Single-sludge denitrification

Through single-sludge denitrification technology internally produced carbon are used to fuel the denitrification process. Recent work has shown potential in freshwater recirculating aquaculture systems, however knowledge on hydrolysis rates and compositions of bioavailable organic compounds under brackish and saltwater conditions are sparse.

Based on input-models, predictions of available carbon and nitrate can be made, providing information on the theoretically available C:N. The practically available C:N is less, since a large part of the organic matter in effluents from recirculating aquaculture systems is found in particulate form, not readily available for the denitrifying bacteria. 

Through a side stream incomplete anaerobic digestion process (hydrolysis) the organic matter can be transformed into readily available forms (VFAs and alcohols). Recent studies have demonstrated that only 20-25% of the particulate organic matter is transformed into readily available carbon sources and therefore BONUS CLEANAQ aims to optimize the hydrolysis process to achieve higher yields.

Different methods have previously been tested in freshwater sludge systems to increase the yields. e.g. positive temperature effects, effects of alkaline conditions and positive effects of hydrogen peroxide pre-treatment. These approaches will be investigated and evaluated in BONUS CLEANAQ.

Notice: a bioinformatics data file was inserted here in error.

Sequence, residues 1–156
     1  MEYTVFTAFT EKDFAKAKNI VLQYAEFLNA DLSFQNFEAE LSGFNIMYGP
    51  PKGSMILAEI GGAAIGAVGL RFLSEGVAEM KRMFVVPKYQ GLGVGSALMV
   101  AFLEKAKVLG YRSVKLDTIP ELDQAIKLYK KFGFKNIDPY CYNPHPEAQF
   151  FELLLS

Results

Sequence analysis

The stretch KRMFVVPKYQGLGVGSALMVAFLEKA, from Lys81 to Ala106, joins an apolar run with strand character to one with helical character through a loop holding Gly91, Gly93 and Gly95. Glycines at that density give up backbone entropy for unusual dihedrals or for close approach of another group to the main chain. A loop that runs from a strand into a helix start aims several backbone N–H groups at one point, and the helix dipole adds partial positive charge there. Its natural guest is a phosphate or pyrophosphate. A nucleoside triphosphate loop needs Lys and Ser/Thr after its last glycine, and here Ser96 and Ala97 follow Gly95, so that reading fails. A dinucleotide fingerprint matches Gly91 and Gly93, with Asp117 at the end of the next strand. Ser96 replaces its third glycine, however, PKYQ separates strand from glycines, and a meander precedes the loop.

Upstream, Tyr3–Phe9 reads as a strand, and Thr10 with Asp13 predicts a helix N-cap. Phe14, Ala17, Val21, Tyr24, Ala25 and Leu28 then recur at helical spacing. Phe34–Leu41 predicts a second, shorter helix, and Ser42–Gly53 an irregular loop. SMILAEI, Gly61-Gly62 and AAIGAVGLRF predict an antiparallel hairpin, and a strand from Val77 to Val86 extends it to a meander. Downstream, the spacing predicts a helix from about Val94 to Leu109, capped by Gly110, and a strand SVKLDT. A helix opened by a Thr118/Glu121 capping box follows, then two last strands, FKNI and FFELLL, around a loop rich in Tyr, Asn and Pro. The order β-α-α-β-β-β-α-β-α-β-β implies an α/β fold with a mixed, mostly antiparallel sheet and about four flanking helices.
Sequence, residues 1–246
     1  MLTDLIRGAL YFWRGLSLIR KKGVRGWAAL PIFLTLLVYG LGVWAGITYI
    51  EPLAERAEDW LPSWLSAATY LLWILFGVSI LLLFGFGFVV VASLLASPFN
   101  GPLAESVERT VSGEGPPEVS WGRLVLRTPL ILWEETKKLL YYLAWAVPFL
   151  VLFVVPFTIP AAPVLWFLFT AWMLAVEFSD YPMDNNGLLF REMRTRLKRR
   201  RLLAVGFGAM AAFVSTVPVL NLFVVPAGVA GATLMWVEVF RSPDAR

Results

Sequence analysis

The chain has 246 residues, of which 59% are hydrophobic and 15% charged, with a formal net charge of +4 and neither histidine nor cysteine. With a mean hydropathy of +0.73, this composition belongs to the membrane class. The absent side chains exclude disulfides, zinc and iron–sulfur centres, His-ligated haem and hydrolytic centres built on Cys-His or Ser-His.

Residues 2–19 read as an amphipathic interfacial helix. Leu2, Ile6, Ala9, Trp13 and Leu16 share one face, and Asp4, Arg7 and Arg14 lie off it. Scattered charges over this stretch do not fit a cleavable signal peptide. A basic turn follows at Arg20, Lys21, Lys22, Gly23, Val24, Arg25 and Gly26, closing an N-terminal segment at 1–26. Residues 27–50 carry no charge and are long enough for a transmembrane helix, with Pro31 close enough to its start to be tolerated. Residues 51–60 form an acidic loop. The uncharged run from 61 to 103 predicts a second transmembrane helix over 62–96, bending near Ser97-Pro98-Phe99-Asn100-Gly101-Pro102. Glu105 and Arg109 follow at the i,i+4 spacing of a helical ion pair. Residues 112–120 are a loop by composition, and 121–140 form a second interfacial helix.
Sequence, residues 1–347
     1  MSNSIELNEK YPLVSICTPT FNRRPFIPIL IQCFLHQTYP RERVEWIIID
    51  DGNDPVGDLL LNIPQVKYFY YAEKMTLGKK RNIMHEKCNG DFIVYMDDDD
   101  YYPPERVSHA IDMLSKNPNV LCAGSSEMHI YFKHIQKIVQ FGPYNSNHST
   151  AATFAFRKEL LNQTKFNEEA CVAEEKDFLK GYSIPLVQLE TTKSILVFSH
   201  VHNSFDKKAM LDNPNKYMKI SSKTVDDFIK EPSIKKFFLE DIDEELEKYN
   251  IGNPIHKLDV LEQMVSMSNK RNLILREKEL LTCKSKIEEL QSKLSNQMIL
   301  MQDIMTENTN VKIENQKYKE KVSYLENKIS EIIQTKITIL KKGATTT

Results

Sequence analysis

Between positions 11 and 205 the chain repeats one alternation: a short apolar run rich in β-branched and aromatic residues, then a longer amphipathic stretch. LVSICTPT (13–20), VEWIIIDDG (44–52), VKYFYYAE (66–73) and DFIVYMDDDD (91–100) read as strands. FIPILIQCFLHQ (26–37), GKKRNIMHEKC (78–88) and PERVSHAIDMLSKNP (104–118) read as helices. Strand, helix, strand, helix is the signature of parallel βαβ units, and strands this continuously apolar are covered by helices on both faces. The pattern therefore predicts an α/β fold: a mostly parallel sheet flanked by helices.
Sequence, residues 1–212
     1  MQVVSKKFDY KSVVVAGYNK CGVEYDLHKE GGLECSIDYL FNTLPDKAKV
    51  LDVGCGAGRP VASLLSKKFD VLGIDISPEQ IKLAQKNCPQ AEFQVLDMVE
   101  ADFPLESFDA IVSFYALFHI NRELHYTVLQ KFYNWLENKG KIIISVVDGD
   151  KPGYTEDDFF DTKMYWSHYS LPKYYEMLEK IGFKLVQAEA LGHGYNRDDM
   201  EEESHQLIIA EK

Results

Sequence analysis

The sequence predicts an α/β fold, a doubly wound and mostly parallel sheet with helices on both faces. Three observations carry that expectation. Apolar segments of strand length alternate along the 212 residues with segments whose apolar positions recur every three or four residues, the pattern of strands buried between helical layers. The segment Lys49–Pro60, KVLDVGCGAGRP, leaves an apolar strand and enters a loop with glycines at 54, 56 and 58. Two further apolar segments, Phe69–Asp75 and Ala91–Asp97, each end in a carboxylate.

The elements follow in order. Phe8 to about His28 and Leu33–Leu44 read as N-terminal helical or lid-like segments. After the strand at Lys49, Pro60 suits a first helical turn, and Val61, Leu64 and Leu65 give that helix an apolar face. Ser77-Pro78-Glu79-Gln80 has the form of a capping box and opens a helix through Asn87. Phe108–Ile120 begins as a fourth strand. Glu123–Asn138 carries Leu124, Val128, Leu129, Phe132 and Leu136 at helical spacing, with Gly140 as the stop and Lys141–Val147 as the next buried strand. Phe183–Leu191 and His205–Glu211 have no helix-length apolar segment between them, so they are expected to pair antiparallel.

Experimental set up for sludge test

Experimental set-up to test sludge from aquaculture water at different salinities. The effect of different environmental conditions (pH: 5,7, and 9; temperature: 10, 30, and 60⁰C), chemical treatment with hydrogen peroxide and fluctuating redox conditions (oxic/anoxic) on the yield of readily available carbon sources per amount of waste.

A C:N ratio of 4-6 (TCOD/NO3-N) is often stated as being required for optimal denitrification rates in real-life. However, lower optimum C:N ratios have been reported when using either a mixture of VFAs (2.37) or specific VFAs (1.72 - 2.05) as carbon-source. Using the readily available carbon sources produced from the fish waste may thus reduce the C:N ratio actually required providing increased denitrification rates compared to e.g. methanol, often used as an external carbon source in aquaculture.

These findings reported for wastewater (and freshwater) treatment will be investigated in the present project in order to quantify and evaluate how the different readily available carbon sources produced from fish waste influences denitrification in saline/brackish waters in terms of optimal C:N-ratio, denitrification rates and sludge production. The results will allow an optimized use of a residual resource (sludge) for removing nitrogen in effluents from recirculating aquaculture systems.
27 OCTOBER 2021